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  5. "Mijn rechterschoen is weg!"

"Mijn rechterschoen is weg!"

Translation:My right shoe is gone!

December 5, 2014



I put "is missing" and lost a heart. I think that, in the context, that is more natural English and I suggest you add it as an alternative at least.


Bill, I agree that 'missing' should be included as a translation and I'll get on it! ;)

Let me see whether we will change the best translation as well.


Thanks, Lavinae.

I saw the pre-edit version of your post. Apologies for doing it wrong: but I wanted to give the Americans a chance to disagree. :-)


Haha, I thought I'd gotten rid of all evidence!

Yeah, giving it some thought, I figured as much. :)


My English brain tells me that 'gone' is the past tense of 'go' thus my right shoe 'has' gone not is gone.?


I agree. "... is gone" might be shown as the correct answer in a dictionary but I am sure people would raise an eyebrow if you said that in most parts of England!

I would say " has gone" or, more likely "is missing"

This is one of those Duolingo examples where the translations are just not comfortable to English speakers. One (I can't remember which) seems to have created quite a fractious discussion. Sometimes I feel Duolingo needs to allow the more idiomatic responses but I guess that sticking with a rigid dictionary definition means you can avoid debates between English speakers of different backgrounds!


Sounds like a dialect difference. "Is gone" works just fine for an inanimate object in American English, and "has gone" is the weird one in this case.


Agree with you.


Gone is the state it's currently in rather than what is has done.


Agree. Is gone is not natural.


that certainly feels more natural to me regardless of the technical accuracy (often idiomatic responses are allowed/given)


Yes, that's what I thought too.


I would write: has gone. If you wanted to change gone into disappeared you would also use 'has'. It has disappeared, and not it is. If you want to use 'is' you would have to use a different word, perhaps ...it is not here... it is missing.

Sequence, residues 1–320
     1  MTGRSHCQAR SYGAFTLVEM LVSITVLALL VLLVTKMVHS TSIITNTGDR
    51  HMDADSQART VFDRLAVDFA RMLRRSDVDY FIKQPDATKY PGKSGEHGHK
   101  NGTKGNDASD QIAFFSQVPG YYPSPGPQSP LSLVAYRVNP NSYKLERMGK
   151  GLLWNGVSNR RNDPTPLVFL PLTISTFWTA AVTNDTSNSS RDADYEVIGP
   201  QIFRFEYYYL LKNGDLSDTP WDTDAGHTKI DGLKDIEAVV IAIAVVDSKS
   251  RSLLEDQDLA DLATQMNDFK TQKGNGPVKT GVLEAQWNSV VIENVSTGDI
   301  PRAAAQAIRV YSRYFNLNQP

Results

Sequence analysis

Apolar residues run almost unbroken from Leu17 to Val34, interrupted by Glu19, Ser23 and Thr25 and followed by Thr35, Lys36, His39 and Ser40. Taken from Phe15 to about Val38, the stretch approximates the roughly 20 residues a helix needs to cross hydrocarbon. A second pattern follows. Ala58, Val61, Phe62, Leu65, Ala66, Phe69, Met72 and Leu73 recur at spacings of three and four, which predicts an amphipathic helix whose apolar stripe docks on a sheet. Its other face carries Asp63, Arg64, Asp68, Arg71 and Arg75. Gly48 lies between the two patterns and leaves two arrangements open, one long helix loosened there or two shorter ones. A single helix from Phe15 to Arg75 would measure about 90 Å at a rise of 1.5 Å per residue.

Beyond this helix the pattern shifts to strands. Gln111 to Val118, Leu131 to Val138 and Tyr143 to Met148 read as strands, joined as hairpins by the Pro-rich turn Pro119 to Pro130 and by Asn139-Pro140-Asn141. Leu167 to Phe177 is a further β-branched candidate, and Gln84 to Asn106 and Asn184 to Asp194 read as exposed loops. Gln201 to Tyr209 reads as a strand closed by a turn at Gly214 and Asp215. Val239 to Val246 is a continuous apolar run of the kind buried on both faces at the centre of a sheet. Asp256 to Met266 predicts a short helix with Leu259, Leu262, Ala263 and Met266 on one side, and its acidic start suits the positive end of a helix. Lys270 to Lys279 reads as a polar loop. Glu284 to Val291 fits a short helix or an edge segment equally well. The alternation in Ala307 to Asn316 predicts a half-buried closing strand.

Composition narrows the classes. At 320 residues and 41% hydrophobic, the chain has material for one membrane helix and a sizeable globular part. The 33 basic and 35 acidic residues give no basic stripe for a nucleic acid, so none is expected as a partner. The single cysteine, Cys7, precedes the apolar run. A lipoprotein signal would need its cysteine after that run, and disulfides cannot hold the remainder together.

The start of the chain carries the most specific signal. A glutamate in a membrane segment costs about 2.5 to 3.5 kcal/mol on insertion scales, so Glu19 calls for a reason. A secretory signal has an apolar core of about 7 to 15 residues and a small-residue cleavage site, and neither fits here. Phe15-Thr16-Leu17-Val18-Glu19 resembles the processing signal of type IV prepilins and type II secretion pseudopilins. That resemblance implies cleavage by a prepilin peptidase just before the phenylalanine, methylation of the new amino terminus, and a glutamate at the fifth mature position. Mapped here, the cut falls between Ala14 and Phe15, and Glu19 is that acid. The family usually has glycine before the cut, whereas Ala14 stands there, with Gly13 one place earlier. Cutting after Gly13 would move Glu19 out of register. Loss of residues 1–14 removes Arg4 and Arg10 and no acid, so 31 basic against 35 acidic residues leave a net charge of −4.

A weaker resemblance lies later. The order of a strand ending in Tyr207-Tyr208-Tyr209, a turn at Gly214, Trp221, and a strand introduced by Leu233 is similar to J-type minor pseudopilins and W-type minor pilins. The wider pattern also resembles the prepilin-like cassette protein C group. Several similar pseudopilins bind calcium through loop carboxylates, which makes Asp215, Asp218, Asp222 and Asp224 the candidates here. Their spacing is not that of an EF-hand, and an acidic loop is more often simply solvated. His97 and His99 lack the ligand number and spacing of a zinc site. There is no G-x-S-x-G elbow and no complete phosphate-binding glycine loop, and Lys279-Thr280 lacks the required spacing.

Has gone would imply to me that the shoes decided to leave on their own, which they can’t as they’re inanimate objects, your point about has disappeared is valid, but it’s subtly different, as you can’t say something is disappeared, so has is the only option.


The dog scarpered with it!


My right shoe has gone sounds far more natural in English than is gone.


I would never say 'is gone'. In fact, I'm not quite sure what it means. To me it means the same as 'it has had it' i.e. it is beyond repair. A couple of times in this section I feel I've had to write incorrect English in order not to be penalized.


I wasn't allowed 'not here', does 'weg' carry the implication of permanence?


weg = gone, you've thrown it out or lost it. syn. verdwenen "disappeared", not here = niet hier, you could know where it is, but not here.


If you've thrown it out then it has gone.


Damn near killderschoen


CONCUR with missing


One of the translation options given by Duo for 'is' is has. So why doesn't it accept that 'My right shoe has gone' is at least an alternative?


'Is missing' was accepted for me. 'Is gone' strikes me as being more of an exclamation - maybe you come back to the changing room after a swim for example.....


"has gone" is not accepted, but in Australia "is gone" seems clumsy and unnatural.


"My right shoe is away" - I think it should be accepted. It's not a totally wrong answer, just not really realistic. But so is the sentence about ducks who are insecure with the rhinoceros clothes. If rhino can have clothes so can a shoe be away...


"is gone" is not UK english. "has gone" should be accepted as said below many many times. "is gone" might be just fine in US 'English' but not for other English speakers.


"I have LOST my right shoe", for goodness sake. Or did it just slip away unaided ?


Losing something = iets verliezen, something is gone = iets is weg. There’s a difference.


Why not "My right shoe is away"?


Because that would imply that your shoe is a living being and it went away on its own.


Haha, that would hardly be surprising on a planet where turtles are blue, someone can look like a crepe, you live in an apple, ducks speak english and cook rabbit, birds read the paper, a cat gives a woman a skirt, the cheese introduces itself, children write on a shark, babies take over or it's raining men! Long live Duolingo!!


Another duolingo invented word We hebben geen vertalingen voor rechterschoen in Nederlands <> Engels Van Dale Geen resultaat voor ' rechterschoen '


it's a compound of rechter and schoen ;)


These things are quite perturbing when you're learning ;-)

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